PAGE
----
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Heart Disorders Message Board


Heart Disorders Board Index


Hey Steven,

I know the "heart failure" label is a very scary one to hear, but it IS MANAGEABLE! As a generally acceptable rule, an EF less than 45 indicates treatment for Congestive Heart Failure. In simplest terms, CHF means that your heart isn't effectively clearing the blood from the chambers in your heart, thus not getting it to the rest of your body. With certain CHF (There are various different types - try searching Diastolic and Systolic disfunction) the "fluid" or blood begins to back up with in the system. This can lead to an increase in fluid in your extremities (Peripheral edema - swollen legs) or pulmonary edema (can cough up pink, frothy sputum). I am interested if you have any other symptoms besides the shortness of breath. Do you wake up short of breath? Is it worse after even a little exertion? Do your legs and feet swell to the point where if you placed your finger tip onto your skin, the prints remains for a few seconds after you remove it? These are just a few symptoms of CHF.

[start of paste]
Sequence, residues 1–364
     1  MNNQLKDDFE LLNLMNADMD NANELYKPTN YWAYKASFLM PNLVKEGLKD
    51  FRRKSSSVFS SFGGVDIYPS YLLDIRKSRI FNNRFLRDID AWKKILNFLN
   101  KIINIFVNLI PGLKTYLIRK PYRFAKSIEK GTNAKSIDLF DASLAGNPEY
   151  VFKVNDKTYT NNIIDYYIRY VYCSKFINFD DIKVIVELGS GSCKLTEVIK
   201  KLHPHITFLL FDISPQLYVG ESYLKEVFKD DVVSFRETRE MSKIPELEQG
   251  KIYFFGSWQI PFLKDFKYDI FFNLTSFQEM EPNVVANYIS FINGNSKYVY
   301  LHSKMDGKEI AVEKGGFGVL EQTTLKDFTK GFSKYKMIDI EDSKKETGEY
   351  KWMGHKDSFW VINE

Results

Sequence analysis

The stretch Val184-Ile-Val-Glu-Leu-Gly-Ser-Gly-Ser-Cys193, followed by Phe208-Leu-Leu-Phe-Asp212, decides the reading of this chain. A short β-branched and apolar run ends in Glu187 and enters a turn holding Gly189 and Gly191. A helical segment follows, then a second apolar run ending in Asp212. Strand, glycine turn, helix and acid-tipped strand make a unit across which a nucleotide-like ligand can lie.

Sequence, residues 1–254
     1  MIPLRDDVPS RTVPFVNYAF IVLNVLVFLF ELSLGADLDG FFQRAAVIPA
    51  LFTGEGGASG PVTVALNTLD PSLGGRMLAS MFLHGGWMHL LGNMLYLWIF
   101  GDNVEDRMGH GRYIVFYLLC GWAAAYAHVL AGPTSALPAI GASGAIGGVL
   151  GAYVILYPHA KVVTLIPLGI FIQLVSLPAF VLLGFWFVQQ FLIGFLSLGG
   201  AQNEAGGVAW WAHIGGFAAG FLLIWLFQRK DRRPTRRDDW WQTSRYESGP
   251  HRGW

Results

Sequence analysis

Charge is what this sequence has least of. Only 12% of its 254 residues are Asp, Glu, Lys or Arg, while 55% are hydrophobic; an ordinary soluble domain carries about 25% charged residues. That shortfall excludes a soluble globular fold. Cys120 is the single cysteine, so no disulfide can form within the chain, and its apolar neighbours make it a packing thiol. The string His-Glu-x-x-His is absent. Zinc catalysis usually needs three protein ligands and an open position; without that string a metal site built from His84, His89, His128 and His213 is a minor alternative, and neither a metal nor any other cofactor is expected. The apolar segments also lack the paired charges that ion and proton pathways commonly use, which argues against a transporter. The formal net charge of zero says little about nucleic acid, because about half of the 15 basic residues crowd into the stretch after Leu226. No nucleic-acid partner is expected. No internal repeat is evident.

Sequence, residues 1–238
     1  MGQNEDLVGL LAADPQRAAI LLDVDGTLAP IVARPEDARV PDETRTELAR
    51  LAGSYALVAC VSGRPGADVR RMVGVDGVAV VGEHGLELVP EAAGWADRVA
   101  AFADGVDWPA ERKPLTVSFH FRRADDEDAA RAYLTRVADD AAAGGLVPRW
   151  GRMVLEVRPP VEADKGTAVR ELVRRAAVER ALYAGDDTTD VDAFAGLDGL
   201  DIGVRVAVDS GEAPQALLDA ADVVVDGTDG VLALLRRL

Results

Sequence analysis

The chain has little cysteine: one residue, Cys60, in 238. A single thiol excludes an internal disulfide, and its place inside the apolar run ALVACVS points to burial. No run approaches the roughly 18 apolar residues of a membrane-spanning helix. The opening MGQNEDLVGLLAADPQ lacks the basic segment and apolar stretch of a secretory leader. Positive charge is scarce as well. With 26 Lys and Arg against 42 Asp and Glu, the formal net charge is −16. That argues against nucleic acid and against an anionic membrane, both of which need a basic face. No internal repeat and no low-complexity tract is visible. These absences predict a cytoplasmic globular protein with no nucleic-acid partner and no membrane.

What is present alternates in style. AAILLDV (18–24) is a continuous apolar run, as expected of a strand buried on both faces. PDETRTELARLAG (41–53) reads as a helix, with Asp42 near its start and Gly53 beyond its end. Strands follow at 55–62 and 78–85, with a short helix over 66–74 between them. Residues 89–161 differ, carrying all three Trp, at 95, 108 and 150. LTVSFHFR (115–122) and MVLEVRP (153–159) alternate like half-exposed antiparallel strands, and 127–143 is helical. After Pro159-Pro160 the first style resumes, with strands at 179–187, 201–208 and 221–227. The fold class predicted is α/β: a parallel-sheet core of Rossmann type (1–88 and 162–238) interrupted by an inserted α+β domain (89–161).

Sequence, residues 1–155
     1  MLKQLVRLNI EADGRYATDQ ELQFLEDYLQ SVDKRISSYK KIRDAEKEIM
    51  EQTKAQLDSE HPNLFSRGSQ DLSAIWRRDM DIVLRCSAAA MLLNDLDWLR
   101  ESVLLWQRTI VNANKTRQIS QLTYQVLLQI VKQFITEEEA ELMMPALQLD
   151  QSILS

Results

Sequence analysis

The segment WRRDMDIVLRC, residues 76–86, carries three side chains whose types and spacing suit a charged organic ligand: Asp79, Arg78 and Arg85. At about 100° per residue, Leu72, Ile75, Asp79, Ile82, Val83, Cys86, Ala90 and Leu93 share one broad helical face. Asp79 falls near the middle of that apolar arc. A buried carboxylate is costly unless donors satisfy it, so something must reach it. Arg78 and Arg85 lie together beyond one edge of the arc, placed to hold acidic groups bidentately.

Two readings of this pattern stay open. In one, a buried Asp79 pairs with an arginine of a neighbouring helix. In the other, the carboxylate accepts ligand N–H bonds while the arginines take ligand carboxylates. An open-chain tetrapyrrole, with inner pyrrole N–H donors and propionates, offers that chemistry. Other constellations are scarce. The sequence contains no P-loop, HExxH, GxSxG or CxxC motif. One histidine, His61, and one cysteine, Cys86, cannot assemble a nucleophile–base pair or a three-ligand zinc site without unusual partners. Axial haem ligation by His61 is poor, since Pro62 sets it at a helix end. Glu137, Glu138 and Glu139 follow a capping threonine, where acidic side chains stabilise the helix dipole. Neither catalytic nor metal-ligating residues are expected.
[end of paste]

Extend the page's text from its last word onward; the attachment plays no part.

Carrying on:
I'm sure your docs are great and it is good to trust them, but they have LOTS of patients and now a days, patients must be their own best advocates. A simple test can rule out (or in) CHF. Ask your doctors for a TEE (Trans-esophageal echocardiogram). You have probably had one or two of these before and after your CABG (By-pass). This is like a fancy ultrasound of your heart. It can check for ventricular remodeling, accurately measure your EF and show if there is any fluid accumulating around the heart. Additionally, ask for a BNP (Brain Neuro peptide). This is a simple blood test. While ranges for normal vary, a result above 100 indicates CHF, but can be as high as 1000!

Worst case scenerio is that you may be suffering from CHF. The good news is that while 55,000 Americans are diagnosed with CHF each year, new drugs and treatments are becoming more widely availible, and clinicians (like I'm studying to become) are becoming more aware of options. I can't officially offer definitive advice, just suggestions, but I can offer support and encouragement. I see folks everyday who have done just what you have - researched their problems, advocate for a better quality of life and GET IT! Simple changes in medications can often times reslove this problem. Are you on any diuretics like Lasix, spironolactone, or hydrochlorothiazide. These are frontline drugs for CHF and generally have remarkable results. Also, you mentioned two beta-blockers, while this is unusual, it is not unheard of. Generally cardiologists will begin post-CABG treatment with an ACE (Angiotensin Converting Enzyme) Inhibitor. Are you taking an ACE Inhibitor? These are just a few suggestions and I hope they help! GOod luck!





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